The answer is two-fold. First, of course, affordability is a key issue, where in some countries broadband still costs 10% or more of average monthly income and is thus out of range for most. Second, though, is relevance. Is there content available in the local language? Is it of interest? Useful? If the answer to these questions is no, then chances are many who could afford Internet access will spend their time and money elsewhere.

The mobile Internet is not just changing the way we think about development, it is evolving how we consume, and create, content online. Rather than browsing, increasingly we use apps, which are convenient and enable us to easily access all of the features built into a smart device – including location, video, and environmental sensors. Apps also can provide a global marketplace to sell content through app stores, increasing the availability of content that may bring more online.

Unfortunately, not every country has access to every app store, and not every app store has access to every app.

So what can be done to help these regions clear these final barriers to fully embrace the Internet and its advantages?

With regards to cost, governments can help by removing any barriers to connectivity, such as high costs for deploying infrastructure, and managing spectrum efficiently to promote innovative uses, particularly in underserved rural areas. Additionally, governments should remove taxes on equipment, devices, and services that act to depress demand. Finally, promoting the local hosting of content can avoid the use of relatively expensive international capacity to access content, lowering the cost of usage accordingly.

Hosting content locally will also lower latency, and thereby increase the usage, and relevance, of the existing content. To help increase the amount of available content, governments should remove unreasonable legal challenges that might inhibit content creation or availability, helping to equalize the user experience around the globe. Governments can also help to promote content creation by developing their own mobile services, hosting them locally, and promoting the capacity building to support these activities.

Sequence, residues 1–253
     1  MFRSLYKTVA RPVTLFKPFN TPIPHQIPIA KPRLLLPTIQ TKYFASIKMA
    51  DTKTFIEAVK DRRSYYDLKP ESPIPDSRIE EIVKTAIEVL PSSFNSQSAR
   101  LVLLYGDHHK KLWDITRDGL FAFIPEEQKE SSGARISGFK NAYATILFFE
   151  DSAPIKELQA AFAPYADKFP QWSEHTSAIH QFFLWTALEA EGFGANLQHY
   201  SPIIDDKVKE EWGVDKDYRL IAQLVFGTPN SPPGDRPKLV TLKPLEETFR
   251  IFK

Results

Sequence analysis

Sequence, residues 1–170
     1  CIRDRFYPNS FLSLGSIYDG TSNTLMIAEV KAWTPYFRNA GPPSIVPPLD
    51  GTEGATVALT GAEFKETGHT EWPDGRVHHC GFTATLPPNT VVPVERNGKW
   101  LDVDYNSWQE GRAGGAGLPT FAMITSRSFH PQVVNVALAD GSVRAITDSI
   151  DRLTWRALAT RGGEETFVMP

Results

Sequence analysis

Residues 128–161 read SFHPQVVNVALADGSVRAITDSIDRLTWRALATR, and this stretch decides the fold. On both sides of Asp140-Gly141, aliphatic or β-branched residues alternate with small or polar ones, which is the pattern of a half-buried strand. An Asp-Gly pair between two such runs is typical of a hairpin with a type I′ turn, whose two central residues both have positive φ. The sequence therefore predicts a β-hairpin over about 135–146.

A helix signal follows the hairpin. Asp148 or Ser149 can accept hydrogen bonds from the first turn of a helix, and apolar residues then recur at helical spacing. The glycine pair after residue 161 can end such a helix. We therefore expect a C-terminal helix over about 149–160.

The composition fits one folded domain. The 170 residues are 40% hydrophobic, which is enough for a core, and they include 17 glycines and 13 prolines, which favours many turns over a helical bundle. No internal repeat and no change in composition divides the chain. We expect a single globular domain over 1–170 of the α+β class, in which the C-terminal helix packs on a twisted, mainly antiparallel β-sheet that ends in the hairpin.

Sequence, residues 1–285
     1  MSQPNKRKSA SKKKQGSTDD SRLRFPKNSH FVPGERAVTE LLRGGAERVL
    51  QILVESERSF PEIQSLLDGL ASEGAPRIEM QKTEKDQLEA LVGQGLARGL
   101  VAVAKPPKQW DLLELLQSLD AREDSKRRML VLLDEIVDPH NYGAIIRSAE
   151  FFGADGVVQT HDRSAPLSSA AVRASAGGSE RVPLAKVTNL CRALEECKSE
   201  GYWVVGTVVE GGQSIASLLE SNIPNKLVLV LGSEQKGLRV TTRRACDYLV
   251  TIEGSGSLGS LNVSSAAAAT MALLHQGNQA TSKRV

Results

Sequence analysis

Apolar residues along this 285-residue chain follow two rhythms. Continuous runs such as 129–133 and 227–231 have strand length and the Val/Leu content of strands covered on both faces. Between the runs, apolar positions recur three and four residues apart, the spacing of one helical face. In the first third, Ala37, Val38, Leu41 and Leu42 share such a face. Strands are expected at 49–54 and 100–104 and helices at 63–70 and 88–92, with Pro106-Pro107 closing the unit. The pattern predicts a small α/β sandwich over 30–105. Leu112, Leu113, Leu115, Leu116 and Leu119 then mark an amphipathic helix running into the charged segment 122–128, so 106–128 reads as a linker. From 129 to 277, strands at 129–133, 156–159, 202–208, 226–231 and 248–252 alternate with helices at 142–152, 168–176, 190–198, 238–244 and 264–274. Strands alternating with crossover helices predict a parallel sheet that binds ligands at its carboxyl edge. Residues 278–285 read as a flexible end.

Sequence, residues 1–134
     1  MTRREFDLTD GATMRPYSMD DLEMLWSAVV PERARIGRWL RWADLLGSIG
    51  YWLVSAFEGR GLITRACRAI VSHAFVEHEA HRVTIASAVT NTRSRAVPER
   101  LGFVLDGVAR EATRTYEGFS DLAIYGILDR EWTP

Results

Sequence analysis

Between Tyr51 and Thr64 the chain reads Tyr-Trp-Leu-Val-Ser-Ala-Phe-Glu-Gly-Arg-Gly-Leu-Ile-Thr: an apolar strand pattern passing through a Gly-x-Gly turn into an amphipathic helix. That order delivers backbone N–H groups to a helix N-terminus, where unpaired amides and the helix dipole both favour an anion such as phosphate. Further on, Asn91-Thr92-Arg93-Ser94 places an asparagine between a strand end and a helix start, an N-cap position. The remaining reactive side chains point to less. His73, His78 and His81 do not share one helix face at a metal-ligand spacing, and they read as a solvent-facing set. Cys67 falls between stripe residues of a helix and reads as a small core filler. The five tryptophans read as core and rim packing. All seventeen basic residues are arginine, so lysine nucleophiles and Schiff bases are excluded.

Greater accessibility to apps will also promote adoption and usage, and in this we encourage more use of web apps. A web app enables developers to create websites with advanced features that can be installed on a mobile device with an icon similar to existing apps. Developers can create one web app for all platforms – consumers can easily move between platforms the way they switch browsers today – and new platforms can enter and compete on more of an even ground.

As we collectively celebrate the amazing numbers already achieved by the mobile Internet in closing the digital divide, we should also work hard, together, to make sure that the remaining challenges are met in order that existing and new users enjoy a mobile Internet that delivers the hope and promise the Internet can bring to everyone.

For a broader discussion of these issues, please check out the Internet Society’s Global Internet Report 2015, which delves deeper into mobile’s impact on the digital divide and a host of other issues related to the mobile Internet.

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Newsletters

ISOC Asia-Pacific Bureau: Building engagements in Pakistan

Home to around 180 million people, Pakistan is an important economy in the South Asian region. The country is witnessing an exponential growth in terms of Internet usage, especially for the mobile broadband segment, reporting over 600% increase in data usage during the last quarter. It may be noted that 3G and 4G LTE services only made their entry last year in Pakistan offering a new dimension to the overall Internet growth.

Internet Society Asia-Pacific Bureau is building engagements with local stakeholders; the team was recently in Islamabad and Lahore on an engagement trip.

In partnership with Pakistan Telecommunication Authority, mobile operators and Samsung Pakistan, the Bureau spearheaded the first-ever ‘Pakistan Mobile Apps Award’  aimed at encouraging young innovators and entrepreneurs to develop innovative mobile applications. It received over 100 entries, and an awards ceremony was held in Islamabad to recognize the winners of the competition. The event was attended by representatives from the Ministry, industry, academia and media.